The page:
Are we at nearing the end of a new period of political volatility in Europe, or are we closer to the beginning? The recent election in Italy offers important — and unnerving — clues.
On one level, you might argue that the Italian election was classic Italian politics: a festa of successful insurgent outsiders, overturned insiders and anti-establishment populism that is entirely in keeping with a national tradition of general political chaos. But on another level, those with an eye on the deeper currents will rightly see the events in Italy as a symptom of more profound changes that are sweeping through Europe’s creaking party systems, and that still have a long way to run.… Seguir leyendo »
There is no doubt that nationalist populism will remain an important driver of Europe’s debates. As we showed in our 2017 Chatham House research paper on the future of Europe, elites across the EU identify populists as their number one challenge. Thus, as we leave 2017 it seems that many observers were too optimistic about the ‘Macron moment’ and the supposed defeat of nationalist populism that was reflected in losses for Marine Le Pen and Geert Wilders in the Netherlands.
Indeed, as Macron’s popularity plunged, Austria swung sharply to the right, electing the young conservative Sebastian Kurz, who has entered negotiations to form a coalition deal with the hard-right Freedom Party.… Seguir leyendo »
Yet another European country has swung to the right. Nearly 58 percent of Austrian voters cast ballots last Sunday for the center-right People’s Party or the far-right Freedom Party. It is likely that the two parties will form a governing coalition.
Since the 1980s, the Freedom Party has been associated with anti-immigration xenophobia, anti-Semitism and, more recently, Islamophobia. On Sunday, about 26 percent of Austrians backed the party, giving it its highest share of the vote since 1999. Though the center-left Social Democrats came in second place, avoiding an embarrassing third-place finish, less than one percentage point separated them from the Freedom Party.… Seguir leyendo »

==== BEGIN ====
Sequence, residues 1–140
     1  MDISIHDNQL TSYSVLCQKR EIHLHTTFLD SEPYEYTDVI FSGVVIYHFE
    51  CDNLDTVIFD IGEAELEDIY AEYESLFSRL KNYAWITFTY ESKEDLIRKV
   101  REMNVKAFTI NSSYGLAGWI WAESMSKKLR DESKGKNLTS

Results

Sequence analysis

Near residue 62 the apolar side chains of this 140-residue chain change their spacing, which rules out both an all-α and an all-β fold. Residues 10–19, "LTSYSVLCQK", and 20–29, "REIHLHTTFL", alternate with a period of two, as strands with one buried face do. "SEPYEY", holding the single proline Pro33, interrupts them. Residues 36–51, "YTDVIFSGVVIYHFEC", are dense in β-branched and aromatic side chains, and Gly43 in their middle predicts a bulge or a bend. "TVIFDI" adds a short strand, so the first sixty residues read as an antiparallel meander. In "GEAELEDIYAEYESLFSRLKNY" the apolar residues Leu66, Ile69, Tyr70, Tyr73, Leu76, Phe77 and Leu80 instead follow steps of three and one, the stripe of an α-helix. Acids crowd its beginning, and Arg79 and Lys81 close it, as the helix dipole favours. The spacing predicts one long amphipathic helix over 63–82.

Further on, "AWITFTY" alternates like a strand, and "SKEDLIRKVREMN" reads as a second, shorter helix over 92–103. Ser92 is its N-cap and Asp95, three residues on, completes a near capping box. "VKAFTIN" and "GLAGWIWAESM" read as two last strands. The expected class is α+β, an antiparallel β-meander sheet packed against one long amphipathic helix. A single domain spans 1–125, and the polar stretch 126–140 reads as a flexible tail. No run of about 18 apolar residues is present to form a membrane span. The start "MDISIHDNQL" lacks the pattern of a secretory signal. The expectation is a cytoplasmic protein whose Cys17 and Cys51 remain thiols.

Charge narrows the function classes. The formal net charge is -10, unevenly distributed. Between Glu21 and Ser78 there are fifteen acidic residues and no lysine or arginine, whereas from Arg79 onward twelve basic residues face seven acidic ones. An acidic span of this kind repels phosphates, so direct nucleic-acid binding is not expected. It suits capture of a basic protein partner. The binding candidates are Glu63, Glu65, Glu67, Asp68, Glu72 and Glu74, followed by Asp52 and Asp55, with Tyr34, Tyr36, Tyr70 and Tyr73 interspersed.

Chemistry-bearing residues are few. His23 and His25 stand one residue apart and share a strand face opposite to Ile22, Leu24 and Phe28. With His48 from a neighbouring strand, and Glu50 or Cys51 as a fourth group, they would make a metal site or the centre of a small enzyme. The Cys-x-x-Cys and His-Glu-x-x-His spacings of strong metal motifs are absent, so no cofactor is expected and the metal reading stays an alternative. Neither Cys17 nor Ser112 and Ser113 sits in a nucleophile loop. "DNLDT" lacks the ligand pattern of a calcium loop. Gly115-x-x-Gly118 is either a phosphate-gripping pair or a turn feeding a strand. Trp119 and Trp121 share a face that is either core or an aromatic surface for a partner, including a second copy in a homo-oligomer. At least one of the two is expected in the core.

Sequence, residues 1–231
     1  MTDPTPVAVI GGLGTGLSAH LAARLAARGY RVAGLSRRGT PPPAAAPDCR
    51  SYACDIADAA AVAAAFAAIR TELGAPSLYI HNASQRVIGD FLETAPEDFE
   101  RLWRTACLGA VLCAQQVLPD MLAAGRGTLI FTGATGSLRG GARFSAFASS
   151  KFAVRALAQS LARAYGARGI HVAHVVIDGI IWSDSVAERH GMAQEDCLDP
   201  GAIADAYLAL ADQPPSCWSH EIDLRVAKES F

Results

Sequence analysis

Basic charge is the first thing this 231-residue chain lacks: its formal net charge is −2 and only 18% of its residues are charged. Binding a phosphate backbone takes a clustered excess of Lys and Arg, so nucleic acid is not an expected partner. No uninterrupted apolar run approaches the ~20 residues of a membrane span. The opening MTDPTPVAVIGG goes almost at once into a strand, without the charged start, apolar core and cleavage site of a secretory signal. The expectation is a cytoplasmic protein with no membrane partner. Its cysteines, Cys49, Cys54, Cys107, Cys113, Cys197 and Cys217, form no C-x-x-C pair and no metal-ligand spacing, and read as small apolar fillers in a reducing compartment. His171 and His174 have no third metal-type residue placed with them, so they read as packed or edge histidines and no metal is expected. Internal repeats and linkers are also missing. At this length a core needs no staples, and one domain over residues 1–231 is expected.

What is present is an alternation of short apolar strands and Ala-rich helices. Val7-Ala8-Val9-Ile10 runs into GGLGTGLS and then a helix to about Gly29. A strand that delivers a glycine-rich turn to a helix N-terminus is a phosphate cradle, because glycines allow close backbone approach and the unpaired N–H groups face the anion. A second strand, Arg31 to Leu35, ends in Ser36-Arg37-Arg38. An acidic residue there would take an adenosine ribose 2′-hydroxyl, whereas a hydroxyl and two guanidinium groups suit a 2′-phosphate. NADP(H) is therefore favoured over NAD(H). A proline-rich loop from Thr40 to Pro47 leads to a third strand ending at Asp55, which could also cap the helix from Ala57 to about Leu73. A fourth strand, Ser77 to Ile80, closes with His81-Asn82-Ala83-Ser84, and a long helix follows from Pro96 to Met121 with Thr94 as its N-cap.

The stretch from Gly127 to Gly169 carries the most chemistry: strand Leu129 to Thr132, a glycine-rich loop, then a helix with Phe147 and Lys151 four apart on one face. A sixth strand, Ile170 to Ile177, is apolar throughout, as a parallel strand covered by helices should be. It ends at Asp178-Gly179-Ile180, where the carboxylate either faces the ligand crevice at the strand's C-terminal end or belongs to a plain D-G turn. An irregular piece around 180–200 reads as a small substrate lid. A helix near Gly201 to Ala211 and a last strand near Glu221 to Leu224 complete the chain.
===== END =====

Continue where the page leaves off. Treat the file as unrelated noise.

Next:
Whatever else it may have been, the Brexit vote was a working-class revolt. Britain’s two main political parties, Conservative and Labour, are still grappling with that fact. So far, it has created more problems than opportunities for both, but especially for Labour.
Though Britain’s left behind and beleaguered workers were not the only ones to vote to leave the European Union, they provided the bulk of support. This is especially true for the so-called C2s, a term derived from market research to denote skilled and semiskilled workers. Had political observers zeroed in on this group, they might have seen sooner how the Brexit referendum would turn out.… Seguir leyendo »
The 2017 general election was never supposed to end like this. At the start of 2017, Theresa May and the Conservative Party held a commanding 13-point lead over Jeremy Corbyn and Labour. Shortly after Prime Minister May announced the election on 18 April, this lead grew further to 21 points. However, since then the picture has changed radically. Across all polls that included fieldwork in June, the average Conservative Party lead has dropped to 6.4 points while a statistical model by pollster YouGov indicated that Britain might be headed for a hung parliament.
At broad level, the race has not narrowed due to a collapse of support for the centre-right Conservatives – who throughout the campaign have consistently polled above 40% of the national vote.… Seguir leyendo »
Prime Minister Theresa May had to have better reasons for subjecting election-fatigued Brits to their fourth major political contest in three years than just strengthening her hand in negotiations with Brussels.
May put heavy emphasis on the need to ‘prepare for Brexit’ and strengthen the ‘government’s negotiating position in Europe’ when she announced the 8 June snap election on the steps of Number 10.
As one senior Conservative Party official told me afterward: ‘Our view is that we cannot go into the negotiations with the EU divided. We need a good hand and this election is about strengthening that hand.’
However, this strategy has an external and an internal dimension: Outwardly, it is about the power of symbolism — demonstrating to Berlin, Brussels and Paris that the prime minister has a solid mandate, that she leads a unified party, that the country supports her stance on Brexit and might be prepared to walk away from a bad deal.… Seguir leyendo »